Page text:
Hitomi: Japan’s X-Ray Astronomy Satellite Explained (Infographic)
The Japan Aerospace Exploration Agency’s Hitomi X-ray observatory, also called ASTRO-H, launched into on Feb. 17, 2016 on a mission to study black holes, star explosions and other objects in deep space.
The $273 million Hitomi mission suffered a major blow on March 26, 2016, when Hitomi stopped communicating with its operations center.
Ground tracking shows Hitomi broke into several sections before March 26. Radio contact with the probe was lost on that date.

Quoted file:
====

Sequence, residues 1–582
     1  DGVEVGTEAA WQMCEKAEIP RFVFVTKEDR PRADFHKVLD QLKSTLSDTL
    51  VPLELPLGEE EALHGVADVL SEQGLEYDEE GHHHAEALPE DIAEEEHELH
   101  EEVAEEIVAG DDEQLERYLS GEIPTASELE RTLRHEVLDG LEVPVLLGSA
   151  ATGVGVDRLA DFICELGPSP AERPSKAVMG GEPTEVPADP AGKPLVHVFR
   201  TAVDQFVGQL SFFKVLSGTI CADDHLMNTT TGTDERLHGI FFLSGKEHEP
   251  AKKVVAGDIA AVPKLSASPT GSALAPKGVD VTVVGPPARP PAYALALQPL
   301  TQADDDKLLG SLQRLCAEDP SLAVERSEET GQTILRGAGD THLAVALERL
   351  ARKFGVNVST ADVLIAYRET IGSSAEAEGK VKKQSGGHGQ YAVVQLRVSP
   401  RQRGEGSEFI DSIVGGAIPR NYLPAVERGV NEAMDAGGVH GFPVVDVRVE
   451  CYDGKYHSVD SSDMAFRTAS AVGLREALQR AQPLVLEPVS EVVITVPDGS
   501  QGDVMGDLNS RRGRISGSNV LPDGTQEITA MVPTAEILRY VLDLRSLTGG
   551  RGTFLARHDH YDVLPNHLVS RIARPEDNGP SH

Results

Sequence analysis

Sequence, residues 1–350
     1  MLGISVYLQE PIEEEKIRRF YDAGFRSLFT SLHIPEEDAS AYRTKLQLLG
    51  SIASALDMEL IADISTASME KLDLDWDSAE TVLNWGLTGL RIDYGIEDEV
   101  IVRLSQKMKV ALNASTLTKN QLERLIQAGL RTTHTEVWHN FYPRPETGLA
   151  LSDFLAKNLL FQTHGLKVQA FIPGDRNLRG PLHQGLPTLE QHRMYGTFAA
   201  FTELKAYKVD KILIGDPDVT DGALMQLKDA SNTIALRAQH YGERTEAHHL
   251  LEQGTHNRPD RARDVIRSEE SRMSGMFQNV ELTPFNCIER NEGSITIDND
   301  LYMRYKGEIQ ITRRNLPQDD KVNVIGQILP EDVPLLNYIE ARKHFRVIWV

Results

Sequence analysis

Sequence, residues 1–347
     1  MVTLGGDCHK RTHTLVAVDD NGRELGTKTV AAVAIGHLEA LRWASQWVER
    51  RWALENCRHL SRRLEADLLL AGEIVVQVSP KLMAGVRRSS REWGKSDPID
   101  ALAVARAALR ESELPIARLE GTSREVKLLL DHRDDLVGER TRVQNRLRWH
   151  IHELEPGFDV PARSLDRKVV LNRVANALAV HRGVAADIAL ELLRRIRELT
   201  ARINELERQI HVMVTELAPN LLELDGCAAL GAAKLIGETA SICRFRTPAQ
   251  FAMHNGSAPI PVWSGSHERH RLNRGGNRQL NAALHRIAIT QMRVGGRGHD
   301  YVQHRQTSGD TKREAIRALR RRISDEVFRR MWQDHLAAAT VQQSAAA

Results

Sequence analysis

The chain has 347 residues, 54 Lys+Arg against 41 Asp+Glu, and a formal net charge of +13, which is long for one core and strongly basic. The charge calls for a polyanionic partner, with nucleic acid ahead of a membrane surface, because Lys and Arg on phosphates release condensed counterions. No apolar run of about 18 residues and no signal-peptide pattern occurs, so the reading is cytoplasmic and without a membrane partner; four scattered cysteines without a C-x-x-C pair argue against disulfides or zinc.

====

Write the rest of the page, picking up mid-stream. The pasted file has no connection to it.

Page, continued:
Hitomi was intended to occupy Earth orbit at an altitude of 357 miles (575 kilometers), inclined 31 degrees to the equator. It completes one orbit every 96 minutes, maintaining its attitude toward the target for continuous observations lasting up to several days. Hitomi’s four telescopes and two gamma-ray detectors all face the same direction, and were designed for simultaneous observations.
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